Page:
19) In October, I was again brought down to California to photograph the piano studio class for headshots. Following that, I drove with my cousins Meghan and Sean out to Utah to visit Mckenna for a week of hiking and doing awesome things at Dixie State and Zion National Park. Shown here is the rather intense part of the Hidden Canyon hike. I hate the phrase “it’s hard to tell in this photograph” because it usually reflects on the photographer’s lack of ability to capture the actual scene, but it actually is hard to tell in this photograph how massive of a drop there was 3 feet to the right (somewhere in the range of about 600-800 feet straight down). We were all pretty attached to the chains. Meghan wasn’t doing well. Neither was I, but I hid it better than she did. I don’t like heights.



18) Graduation; the culmination of four years of work, and arguably the most important photo in this entire set. This photo essentially puts the capstone on my college career. I have told this story a billion times and everyone probably knows it as well as I do by now, but I’m going to tell it again because it warrants being told again because it’s great.

In May of 2012, I was woken up by my cell phone ringing at 8:23am. I had a music history final that started that morning at 8am, for which the first half an hour was an unrepeatable listening section that had to be played on the stereo system in the classroom. In a complete panic, I tore out of bed, grabbed whatever dirty clothes I could find on the floor, ran out to my car, ran two stop signs and a red light, parked illegally, and sprinted to my classroom to find out that the listening section of the test being postponed until my arrival by the professor, Dr. Amy Graziano. I later found out, after the test, that the person who called my phone at 8:23am was in fact, Dr. Graziano, who was calling me to tell me that she was holding off on the listening section for another 5 minutes for me to get to school, and if there was an emergency I should email or call her.

Therefore, enjoy this awesome selfie with Dr. Graziano. Who is awesome.


17) I have never experienced weather dipping into the single digits on the Fahrenheit scale before until this frigid night in November. We were forecast snow for a week prior to this, but nothing happened that night, and I was about to fall asleep before I looked out the window one last time and saw a flurry of whiteness outside my window blanketing the entire neighborhood. I jumped up and ran outside with my camera. This is the first time I’ve experienced snowfall that actually stuck around for a few days (almost a week afterward), and I quickly realized why Canada hates it so much. It’s great fun right up until you have to drive a small, rear-wheel drive car up a hill completely coated in black ice, at which point it’s not fun.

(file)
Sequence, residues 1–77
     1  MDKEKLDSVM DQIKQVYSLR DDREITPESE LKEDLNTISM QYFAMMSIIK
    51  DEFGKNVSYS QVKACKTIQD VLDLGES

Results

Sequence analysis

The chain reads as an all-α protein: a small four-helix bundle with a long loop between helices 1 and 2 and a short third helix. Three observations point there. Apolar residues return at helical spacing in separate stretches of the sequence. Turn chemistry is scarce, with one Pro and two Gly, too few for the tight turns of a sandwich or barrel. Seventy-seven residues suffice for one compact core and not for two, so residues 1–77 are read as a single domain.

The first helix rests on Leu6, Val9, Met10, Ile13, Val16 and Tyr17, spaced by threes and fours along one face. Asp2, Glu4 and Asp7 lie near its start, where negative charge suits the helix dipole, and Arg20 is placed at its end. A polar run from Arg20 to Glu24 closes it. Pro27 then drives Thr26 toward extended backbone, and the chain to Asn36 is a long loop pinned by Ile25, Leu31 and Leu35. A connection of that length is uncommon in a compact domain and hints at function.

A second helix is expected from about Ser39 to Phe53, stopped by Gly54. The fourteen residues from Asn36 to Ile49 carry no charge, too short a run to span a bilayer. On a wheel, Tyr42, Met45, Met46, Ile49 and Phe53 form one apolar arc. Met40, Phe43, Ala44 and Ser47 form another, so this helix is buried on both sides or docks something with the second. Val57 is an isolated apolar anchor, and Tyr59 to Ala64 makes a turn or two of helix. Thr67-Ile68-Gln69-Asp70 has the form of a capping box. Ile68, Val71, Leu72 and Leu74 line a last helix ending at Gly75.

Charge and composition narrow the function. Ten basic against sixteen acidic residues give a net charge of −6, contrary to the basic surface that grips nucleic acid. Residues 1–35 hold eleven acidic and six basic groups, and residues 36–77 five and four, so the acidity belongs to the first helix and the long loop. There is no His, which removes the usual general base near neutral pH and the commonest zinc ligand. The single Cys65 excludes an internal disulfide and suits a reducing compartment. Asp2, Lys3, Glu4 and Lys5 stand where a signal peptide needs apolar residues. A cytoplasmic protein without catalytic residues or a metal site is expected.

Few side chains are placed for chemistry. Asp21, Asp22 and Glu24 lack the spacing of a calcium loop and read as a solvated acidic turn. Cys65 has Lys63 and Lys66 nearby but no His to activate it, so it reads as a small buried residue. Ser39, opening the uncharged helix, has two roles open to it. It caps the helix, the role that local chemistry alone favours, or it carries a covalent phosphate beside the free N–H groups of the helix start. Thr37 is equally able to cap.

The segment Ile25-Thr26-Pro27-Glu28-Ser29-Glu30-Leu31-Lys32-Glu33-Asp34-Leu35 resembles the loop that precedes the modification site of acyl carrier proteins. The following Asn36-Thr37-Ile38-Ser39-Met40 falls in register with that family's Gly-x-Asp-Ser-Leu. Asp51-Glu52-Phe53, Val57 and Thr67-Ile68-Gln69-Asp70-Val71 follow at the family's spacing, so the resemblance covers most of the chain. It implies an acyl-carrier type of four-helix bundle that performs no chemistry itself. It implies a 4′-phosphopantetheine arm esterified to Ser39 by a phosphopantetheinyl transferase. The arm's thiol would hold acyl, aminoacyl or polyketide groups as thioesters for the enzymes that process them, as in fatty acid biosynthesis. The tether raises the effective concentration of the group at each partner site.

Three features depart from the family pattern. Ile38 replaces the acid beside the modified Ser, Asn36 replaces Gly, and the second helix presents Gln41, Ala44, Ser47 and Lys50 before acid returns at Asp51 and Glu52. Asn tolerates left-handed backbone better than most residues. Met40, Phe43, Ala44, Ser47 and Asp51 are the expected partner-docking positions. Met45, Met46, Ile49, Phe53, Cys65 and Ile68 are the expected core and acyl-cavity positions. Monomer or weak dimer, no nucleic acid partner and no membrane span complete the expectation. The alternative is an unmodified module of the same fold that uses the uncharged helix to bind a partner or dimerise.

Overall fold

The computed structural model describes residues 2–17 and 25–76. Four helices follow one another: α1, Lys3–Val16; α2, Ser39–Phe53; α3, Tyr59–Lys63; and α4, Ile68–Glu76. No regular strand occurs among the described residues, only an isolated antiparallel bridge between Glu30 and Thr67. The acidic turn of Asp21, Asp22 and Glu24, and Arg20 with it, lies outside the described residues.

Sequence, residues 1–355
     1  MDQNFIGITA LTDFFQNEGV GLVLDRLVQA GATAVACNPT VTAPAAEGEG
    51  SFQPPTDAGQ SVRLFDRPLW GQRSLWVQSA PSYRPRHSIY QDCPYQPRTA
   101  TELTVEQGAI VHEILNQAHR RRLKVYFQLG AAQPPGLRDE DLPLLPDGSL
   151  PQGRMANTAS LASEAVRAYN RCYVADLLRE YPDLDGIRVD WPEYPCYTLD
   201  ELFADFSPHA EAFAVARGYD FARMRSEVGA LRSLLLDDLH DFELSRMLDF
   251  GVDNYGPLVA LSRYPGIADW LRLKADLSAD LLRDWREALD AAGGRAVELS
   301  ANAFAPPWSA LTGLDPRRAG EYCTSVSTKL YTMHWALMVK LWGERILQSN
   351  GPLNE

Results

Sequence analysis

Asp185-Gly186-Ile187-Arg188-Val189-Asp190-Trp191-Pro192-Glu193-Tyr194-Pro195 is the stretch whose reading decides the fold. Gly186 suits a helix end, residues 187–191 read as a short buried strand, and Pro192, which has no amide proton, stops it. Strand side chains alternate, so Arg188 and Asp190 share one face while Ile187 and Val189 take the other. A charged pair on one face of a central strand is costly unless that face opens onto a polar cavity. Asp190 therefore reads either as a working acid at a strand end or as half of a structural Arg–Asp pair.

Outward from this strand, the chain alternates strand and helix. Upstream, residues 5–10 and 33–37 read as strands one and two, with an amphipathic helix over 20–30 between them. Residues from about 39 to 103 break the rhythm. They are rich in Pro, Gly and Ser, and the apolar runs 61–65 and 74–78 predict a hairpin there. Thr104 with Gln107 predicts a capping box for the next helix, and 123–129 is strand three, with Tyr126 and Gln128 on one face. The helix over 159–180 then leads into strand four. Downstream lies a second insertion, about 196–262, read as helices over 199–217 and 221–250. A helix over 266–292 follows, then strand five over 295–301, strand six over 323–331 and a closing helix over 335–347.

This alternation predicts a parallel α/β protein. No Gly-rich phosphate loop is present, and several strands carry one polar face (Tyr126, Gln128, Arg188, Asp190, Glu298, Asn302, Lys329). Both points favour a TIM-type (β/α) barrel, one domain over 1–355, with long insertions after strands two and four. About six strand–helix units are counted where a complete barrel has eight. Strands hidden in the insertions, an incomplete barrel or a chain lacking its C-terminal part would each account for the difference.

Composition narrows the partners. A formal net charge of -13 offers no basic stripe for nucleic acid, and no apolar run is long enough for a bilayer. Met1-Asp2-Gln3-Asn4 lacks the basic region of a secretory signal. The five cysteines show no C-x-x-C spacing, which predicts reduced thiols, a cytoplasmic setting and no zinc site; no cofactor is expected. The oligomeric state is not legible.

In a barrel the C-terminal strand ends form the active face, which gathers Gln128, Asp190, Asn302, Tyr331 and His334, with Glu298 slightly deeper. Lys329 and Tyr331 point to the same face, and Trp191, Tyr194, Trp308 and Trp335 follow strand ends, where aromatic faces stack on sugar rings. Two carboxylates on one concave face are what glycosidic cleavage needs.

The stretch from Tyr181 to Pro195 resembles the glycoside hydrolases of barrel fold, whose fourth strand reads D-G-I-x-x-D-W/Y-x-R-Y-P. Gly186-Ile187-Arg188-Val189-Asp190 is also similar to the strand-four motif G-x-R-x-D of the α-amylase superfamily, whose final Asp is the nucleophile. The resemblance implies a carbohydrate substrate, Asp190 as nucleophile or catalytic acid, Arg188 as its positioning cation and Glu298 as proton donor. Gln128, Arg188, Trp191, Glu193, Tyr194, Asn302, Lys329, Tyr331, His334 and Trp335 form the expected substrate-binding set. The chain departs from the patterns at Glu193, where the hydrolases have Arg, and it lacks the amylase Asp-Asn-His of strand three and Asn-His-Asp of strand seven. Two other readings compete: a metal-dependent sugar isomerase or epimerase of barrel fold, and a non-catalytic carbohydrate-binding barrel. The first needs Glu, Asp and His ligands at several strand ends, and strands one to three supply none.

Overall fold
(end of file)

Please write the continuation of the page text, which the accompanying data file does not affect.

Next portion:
Still, it’s pretty.


16) In July, my cousin David, myself, and a group of his buddies drove out to Leavenworth for the Enchantments hike we had been planning for months. As the Enchantments hike is permit-based and we didn’t manage to get one, we had to do the entire 18 mile hike in one day (which wound up being closer to 23 with all of our meandering once we got up into the alpine basin).

Still. Probably one of the most incredible sights in Washington so far.



15)  I’ve done this sort of stuff before, but never with such a picturesque backdrop. Here’s Thousand Steps in Laguna Beach.


14) With the end of college came the last undie-run I would ever partake in, which was a bittersweet experience. Bitter because of the fact that I won’t ever do it again as a college student, sweet because of all the naked people.


13) Following our trip to Lake Powell this summer, I got a pretty awesome photo of my dad with more facial hair than normal. This is about a week of growth for him, and also a pretty clear depiction of where I get my crappy bear-growing-genes from. Thanks dad.